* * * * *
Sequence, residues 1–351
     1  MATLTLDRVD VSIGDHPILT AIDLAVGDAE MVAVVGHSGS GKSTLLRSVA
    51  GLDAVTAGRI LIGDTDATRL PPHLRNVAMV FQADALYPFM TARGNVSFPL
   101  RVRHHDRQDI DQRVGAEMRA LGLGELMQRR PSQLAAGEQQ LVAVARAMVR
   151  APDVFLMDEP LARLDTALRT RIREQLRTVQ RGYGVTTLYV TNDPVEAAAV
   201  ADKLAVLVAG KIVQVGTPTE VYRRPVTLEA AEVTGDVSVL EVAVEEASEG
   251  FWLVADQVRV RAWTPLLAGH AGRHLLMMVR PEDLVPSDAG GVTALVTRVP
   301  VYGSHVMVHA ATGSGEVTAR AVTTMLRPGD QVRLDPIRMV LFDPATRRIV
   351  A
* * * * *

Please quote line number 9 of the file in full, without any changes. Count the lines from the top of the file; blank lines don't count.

   351  A